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Earlier this year, Derek Miser, President of Speedy Clean Auto Wash, told Professional Carwashing & Detailing his company had plans to branch out and partner with national fuel providers.
This month, we catch up with Miser and see how the company’s plans have panned out.
PC&D: The company started with one wash in 2000. How many washes are you operating now?
Derek Miser: We currently operate 13 carwashes. The majority are in-bay automatics. We have one self-serve and one full-service tunnel.
PC&D: What’s the growth pattern been like?
DM: Over the last three years, we’ve been building one wash every 90 days. That’s been our average build-out. We’ve built three washes in the last six months.
PC&D: In the beginning of 2006, you announced a partnership with Pilot Travel Centers LLC, a national retailer catering to professional drivers and tourists. What’s that relationship like right now?
DM: I wouldn’t consider it a partnership, it’s more of a corporate alliance. We’ve been building washes with them for the last year. Probably our last four washes were built on Pilot locations and we have several in planning stages right now. Our goal is to work with as many large petroleum operators as possible.
PC&D: Are any more alliances being formed right now?
DM: We’re meeting with and discussing that with a variety of fuel companies. I can’t say anything today that’s affirmative on that, but we’re having very good conversations about that at this time.
PC&D: Has Speedy Clean considered building any express exterior carwashes?
DM: We’ve considered it, but at this time we’re more focused on the management of in-bay automatics and trying to build relationships with large national petroleum companies who are looking for third-party facilitators or managers. That’s our primary focus.
PC&D: Were you affected by bad weather this year?
DM: The opposite, really. We had our best summer ever, primarily due to the weather pattern that southeastern Tennessee had. It was just wonderful. It literally only rained probably about 10 or 12 days. We really were fortunate. I have so many friends around the country where it rained every afternoon. That’s typically what it does here, but for some reason we lucked out this summer. It was a great, great summer for us.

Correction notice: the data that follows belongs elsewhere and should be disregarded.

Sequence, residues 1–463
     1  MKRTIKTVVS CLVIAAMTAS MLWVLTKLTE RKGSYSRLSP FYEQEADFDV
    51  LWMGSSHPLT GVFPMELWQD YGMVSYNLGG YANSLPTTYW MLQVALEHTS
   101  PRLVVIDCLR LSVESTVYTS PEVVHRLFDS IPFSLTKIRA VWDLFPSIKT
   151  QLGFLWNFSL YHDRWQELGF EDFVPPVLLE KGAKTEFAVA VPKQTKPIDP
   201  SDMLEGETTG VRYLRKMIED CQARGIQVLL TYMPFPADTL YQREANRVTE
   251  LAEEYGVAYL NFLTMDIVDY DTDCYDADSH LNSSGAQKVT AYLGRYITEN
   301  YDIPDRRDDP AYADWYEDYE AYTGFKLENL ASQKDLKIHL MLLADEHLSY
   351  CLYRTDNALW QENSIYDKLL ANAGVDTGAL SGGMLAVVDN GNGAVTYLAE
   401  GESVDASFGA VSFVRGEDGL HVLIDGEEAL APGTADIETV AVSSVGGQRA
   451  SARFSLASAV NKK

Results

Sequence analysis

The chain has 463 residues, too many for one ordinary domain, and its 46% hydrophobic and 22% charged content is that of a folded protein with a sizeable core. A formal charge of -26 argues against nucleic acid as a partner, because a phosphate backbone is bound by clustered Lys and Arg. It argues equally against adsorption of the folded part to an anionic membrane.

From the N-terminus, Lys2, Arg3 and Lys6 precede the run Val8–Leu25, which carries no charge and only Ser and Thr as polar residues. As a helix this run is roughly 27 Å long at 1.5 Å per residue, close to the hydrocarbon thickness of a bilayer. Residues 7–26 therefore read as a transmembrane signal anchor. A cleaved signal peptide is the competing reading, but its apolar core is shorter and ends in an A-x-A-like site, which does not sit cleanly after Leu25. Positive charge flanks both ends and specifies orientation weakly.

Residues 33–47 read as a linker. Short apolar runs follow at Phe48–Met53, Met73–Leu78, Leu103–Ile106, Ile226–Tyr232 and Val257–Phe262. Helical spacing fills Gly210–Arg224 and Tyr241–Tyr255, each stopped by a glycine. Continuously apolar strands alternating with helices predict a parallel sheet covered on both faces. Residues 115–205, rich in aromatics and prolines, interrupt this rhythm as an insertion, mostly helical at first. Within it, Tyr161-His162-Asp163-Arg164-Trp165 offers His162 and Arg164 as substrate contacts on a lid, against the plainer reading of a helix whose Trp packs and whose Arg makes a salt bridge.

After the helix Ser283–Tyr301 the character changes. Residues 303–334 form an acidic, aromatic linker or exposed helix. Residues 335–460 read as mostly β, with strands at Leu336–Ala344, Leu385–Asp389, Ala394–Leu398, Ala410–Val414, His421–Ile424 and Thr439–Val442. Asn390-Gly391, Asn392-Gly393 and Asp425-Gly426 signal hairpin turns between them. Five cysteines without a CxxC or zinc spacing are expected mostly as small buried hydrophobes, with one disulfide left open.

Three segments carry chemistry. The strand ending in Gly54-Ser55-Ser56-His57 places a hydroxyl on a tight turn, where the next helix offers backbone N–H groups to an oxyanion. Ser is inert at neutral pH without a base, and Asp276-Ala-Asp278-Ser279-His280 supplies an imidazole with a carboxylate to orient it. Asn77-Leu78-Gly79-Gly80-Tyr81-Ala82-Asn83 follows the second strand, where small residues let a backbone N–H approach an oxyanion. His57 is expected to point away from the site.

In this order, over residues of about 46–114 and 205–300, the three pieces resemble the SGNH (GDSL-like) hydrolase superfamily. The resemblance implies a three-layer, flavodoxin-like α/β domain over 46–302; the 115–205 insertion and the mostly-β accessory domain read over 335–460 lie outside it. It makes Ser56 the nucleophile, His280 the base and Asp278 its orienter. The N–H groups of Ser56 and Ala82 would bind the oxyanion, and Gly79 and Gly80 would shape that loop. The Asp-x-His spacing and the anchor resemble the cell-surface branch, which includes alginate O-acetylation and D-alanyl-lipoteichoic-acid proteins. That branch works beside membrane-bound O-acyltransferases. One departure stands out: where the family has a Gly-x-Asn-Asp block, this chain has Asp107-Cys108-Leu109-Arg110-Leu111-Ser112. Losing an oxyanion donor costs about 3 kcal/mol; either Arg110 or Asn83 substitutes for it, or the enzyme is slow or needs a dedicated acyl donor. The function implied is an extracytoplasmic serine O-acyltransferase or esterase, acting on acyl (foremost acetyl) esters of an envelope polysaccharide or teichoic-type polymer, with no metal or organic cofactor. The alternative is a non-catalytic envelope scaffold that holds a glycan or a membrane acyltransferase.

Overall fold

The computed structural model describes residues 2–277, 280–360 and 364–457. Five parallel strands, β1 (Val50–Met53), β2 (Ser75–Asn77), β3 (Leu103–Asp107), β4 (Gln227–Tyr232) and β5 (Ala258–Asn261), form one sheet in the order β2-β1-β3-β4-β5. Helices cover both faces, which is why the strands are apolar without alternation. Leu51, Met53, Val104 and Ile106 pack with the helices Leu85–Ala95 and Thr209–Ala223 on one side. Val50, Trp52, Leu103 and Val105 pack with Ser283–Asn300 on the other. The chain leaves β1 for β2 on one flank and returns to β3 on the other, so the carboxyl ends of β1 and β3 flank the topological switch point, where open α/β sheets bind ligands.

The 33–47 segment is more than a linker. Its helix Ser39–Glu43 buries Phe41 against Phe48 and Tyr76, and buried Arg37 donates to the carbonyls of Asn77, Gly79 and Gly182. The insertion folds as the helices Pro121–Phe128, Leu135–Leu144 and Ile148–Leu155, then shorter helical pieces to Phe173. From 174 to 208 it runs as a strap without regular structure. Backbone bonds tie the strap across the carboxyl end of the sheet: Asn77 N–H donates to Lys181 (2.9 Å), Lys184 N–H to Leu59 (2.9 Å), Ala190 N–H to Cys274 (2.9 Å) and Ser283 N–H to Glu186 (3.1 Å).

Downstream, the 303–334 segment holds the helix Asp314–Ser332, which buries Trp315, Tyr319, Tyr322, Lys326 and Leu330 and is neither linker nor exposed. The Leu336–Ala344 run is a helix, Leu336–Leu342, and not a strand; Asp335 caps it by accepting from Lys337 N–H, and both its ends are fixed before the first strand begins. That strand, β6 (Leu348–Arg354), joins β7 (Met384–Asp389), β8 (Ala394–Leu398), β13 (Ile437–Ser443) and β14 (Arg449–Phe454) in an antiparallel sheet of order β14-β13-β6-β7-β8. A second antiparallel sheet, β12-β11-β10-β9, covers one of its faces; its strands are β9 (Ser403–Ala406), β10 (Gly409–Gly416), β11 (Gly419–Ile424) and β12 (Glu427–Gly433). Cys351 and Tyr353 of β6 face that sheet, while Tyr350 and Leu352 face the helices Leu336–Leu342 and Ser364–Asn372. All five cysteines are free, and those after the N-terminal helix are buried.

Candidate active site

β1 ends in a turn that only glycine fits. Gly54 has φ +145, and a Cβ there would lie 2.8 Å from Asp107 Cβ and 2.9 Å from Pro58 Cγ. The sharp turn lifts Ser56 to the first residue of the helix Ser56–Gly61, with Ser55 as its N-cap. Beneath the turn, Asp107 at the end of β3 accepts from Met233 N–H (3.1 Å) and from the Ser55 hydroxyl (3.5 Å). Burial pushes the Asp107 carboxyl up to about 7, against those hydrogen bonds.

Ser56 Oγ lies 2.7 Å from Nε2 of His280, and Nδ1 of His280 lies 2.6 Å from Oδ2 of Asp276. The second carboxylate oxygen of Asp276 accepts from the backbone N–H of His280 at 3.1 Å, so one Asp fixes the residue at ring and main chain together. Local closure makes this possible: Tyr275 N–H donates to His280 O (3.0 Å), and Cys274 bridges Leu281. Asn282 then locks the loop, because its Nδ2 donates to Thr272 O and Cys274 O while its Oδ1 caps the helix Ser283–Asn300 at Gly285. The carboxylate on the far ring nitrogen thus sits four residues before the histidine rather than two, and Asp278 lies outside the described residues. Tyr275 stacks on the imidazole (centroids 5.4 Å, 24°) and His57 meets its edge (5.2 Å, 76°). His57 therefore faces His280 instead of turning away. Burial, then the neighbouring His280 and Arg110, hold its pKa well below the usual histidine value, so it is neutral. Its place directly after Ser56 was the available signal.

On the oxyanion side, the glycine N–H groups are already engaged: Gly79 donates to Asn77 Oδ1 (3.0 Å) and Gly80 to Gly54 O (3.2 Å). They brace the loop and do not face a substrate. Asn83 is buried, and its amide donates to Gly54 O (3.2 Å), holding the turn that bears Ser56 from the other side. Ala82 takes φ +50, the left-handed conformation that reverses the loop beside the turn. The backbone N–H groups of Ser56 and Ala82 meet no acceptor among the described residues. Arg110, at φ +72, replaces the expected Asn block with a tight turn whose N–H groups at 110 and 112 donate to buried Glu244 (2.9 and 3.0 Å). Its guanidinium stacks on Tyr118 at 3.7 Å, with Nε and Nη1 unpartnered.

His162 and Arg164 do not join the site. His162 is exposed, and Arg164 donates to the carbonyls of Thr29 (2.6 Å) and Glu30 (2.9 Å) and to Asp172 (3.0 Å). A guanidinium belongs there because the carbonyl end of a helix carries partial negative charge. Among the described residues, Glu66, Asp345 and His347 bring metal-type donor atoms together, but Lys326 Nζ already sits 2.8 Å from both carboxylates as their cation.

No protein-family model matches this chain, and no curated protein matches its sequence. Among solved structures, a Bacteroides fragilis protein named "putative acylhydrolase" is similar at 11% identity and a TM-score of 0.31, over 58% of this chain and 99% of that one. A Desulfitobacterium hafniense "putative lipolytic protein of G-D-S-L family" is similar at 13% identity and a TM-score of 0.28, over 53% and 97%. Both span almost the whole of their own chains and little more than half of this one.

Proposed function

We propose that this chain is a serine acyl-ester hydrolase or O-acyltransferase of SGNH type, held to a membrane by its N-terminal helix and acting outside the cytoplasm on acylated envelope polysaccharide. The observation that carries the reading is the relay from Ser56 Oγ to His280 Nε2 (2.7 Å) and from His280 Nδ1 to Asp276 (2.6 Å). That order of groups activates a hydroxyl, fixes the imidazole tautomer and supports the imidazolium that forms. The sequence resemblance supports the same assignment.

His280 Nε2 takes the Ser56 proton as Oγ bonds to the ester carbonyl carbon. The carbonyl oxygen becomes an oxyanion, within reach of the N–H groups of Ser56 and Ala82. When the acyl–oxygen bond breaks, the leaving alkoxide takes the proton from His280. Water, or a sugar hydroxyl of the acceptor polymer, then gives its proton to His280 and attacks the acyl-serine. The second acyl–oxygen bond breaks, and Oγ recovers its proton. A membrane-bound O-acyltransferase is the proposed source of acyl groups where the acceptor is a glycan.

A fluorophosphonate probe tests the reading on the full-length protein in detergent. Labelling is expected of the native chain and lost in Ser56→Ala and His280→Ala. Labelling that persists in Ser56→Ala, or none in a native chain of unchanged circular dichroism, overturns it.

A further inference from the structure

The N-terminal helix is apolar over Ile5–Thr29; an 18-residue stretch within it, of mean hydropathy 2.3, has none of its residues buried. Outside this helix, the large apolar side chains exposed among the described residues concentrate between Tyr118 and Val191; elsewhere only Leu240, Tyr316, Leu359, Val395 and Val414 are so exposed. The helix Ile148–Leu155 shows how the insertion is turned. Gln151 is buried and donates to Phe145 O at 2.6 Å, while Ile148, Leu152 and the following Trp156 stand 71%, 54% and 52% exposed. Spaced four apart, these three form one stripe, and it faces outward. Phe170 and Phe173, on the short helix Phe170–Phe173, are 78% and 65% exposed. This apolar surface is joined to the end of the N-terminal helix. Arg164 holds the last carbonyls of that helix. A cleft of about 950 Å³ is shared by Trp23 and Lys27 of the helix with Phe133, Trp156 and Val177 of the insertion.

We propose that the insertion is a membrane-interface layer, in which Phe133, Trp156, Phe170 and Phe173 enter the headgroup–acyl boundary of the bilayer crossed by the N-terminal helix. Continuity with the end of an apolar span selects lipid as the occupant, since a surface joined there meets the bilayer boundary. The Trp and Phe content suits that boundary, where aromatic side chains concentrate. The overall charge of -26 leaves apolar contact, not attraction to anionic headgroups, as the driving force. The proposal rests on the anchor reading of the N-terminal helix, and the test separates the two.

PC&D: What about the affect of rising gas prices throughout 2006?
DM: As far as gas prices were concerned, we still had a pretty positive sales growth all over. The month of August might have been affected a little, that was our slowest month and it typically is, but the gas prices were really high then and I think that affected sales.
PC&D: Do you do a lot of cross-marketing with gas sales and carwash sales?
DM: That was our base agreement with the gas stations. We would offer a gas discount with a wash. At our locations we get about 45 percent of our sales coming from the pumps. The other sales come from people coming off the street. Fifty percent or more are not discounted washes, so that helps as part of our business model.
PC&D: Earlier this year you said you wanted to go national. Where are you located right now and where are you hoping to branch out to?
DM: Right now we’re spread throughout Tennessee. We are currently getting ready to embark on projects in Connecticut, New Jersey, New York, Indiana.
PC&D: When will those projects be completed?
DM: The ones up in the northeast have an extensive permitting process. We’re running into some issues there. They will be 2007 projects, but whether they’ll be first quarter or second quarter, we’re unsure. We have projects in Ohio and Indiana that will open towards the end of this year, either fourth quarter or definitely first quarter next year. Permitting there has been much easier.
PC&D: Will your growth pattern speed up or slow down in 2007?
DM: I think it will probably speed up because we are considering a number of potential sites in east Tennessee. But whether we do them or we become a third-party remains to be seen. We’re trying to diversify our revenue by taking on a consultant relationship as well as remaining an operator as we have been. So that will decide how fast growth goes.